The nationalist discourse prompted a rebuke from Israeli President Reuven Rivlin.

“Those who believe that the State of Israel must be Jewish and fully democratic must remember that the State of Israel has complete equality of rights for all its citizens,” Rivlin said. “There are no first-class citizens, and there are no second-class voters. We are all equal in the voting booth.”

The Anti-Defamation League also issued criticism of the rhetoric.

“The role of Arab parties in the Israeli Knesset is increasingly emerging as a key wedge [issue] in the current election campaign, with several party leaders and politicians vowing not to include them in any future coalition,” said ADL Israel office director Carole Nuriel in a statement.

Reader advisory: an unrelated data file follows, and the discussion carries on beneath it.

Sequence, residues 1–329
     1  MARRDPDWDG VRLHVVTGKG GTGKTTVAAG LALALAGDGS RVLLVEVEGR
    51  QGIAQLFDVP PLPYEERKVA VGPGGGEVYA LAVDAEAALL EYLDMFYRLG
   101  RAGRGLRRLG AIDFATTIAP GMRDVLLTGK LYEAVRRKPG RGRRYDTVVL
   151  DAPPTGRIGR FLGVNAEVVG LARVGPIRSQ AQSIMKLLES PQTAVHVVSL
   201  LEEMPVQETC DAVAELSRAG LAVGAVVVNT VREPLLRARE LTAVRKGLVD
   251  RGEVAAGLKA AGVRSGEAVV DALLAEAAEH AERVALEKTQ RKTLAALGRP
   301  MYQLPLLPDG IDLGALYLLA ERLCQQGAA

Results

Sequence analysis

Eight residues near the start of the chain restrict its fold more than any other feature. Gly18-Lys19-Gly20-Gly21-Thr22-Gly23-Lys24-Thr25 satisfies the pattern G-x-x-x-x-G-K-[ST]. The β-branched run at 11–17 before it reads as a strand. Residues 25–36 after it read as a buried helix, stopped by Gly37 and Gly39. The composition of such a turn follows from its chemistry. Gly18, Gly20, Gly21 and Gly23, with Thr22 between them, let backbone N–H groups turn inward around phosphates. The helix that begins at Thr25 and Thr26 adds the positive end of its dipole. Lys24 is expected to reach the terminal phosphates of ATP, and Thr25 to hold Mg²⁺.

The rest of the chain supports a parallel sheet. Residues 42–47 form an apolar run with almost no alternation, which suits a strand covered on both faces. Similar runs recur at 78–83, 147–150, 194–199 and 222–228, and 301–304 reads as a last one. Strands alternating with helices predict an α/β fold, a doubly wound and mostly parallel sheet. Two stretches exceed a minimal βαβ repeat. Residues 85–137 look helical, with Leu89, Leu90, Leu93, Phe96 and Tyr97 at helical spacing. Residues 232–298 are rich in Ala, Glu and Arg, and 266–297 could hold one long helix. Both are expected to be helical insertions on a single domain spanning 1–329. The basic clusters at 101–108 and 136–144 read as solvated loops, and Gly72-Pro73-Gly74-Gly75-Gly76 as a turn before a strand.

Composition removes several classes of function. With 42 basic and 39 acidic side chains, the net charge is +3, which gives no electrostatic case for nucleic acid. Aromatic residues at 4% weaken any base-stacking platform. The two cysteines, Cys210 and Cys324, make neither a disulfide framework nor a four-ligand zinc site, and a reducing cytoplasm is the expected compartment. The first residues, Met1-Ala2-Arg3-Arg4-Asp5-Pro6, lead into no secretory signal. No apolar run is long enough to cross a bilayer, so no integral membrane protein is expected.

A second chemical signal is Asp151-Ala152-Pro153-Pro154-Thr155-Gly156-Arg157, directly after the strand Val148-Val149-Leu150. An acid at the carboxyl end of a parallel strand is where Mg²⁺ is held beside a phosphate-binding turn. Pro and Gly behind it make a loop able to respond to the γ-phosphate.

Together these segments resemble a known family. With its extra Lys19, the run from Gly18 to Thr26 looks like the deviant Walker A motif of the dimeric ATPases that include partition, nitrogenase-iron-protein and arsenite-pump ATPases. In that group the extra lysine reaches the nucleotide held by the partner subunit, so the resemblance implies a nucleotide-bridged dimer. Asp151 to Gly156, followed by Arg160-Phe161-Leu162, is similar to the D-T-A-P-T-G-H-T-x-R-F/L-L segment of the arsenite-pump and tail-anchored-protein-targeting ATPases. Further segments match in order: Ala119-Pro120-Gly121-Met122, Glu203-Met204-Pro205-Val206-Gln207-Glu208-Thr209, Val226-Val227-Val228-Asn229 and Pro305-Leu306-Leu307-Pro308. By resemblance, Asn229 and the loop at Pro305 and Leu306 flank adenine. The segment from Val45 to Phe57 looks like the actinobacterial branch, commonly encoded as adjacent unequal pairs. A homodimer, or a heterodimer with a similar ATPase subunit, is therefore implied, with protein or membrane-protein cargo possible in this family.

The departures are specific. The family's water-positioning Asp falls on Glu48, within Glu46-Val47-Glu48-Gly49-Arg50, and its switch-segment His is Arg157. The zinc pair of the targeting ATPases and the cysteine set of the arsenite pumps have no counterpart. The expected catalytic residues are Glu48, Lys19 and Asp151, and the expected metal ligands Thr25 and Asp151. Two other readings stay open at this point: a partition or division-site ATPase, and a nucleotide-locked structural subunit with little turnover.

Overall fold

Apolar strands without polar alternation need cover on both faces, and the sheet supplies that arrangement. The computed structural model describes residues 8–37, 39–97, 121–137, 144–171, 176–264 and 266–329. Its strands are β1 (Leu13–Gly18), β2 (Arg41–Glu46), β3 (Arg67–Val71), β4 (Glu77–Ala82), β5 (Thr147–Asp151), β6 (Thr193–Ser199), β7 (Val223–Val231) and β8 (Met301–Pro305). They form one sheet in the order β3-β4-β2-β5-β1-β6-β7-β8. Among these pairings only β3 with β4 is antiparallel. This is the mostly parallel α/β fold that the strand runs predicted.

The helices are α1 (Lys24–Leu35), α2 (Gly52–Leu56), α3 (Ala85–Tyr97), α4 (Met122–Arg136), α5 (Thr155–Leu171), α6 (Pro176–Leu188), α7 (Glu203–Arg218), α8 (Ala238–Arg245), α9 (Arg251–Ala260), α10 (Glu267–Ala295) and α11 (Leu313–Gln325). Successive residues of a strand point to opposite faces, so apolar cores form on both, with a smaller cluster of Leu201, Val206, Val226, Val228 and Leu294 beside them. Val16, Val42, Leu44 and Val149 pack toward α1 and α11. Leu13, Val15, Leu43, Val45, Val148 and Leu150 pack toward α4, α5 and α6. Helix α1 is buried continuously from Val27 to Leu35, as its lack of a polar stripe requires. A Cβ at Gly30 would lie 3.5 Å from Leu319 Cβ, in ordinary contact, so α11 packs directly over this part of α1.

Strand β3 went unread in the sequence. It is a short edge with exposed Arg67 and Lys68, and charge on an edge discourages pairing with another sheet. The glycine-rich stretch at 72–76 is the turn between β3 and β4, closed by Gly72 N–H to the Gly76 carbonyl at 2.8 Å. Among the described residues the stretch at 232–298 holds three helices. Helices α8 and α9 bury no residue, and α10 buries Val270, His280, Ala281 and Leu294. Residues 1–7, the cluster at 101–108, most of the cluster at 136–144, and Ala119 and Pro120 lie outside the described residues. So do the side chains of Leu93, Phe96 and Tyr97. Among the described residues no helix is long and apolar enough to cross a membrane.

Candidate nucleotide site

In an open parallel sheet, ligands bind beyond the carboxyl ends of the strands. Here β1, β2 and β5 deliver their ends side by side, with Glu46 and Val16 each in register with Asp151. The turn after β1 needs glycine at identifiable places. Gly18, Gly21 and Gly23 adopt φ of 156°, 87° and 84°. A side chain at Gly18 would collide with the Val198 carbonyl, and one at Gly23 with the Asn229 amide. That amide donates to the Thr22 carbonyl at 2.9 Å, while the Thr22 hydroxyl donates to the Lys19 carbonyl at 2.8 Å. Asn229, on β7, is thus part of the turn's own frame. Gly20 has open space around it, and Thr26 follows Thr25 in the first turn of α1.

“In some cases, even the distinction between Arab parties and the Arab population is blurred, and these parties are simply referred to as ‘the Arabs.’ This anti-Arab rhetoric is a deeply troubling trend that, if it continues, could undermine Israel’s vibrant democracy.”

The anti-Arab rhetoric isn’t new in Israeli election campaigns, political analysts noted. In 1996, Netanyahu deployed the “Bib or Tibi” slogan when he ran against Shimon Peres during the peace negotiations with the Palestinians. In 1999, Netanyahu infamously adopted the slogan that he “was good for the Jews.”

In 2009, Avigdor Lieberman used the controversial “without loyalty, no citizenship” slogan against Israeli Arabs, thrusting the status of Israeli Arabs into the campaign spotlight.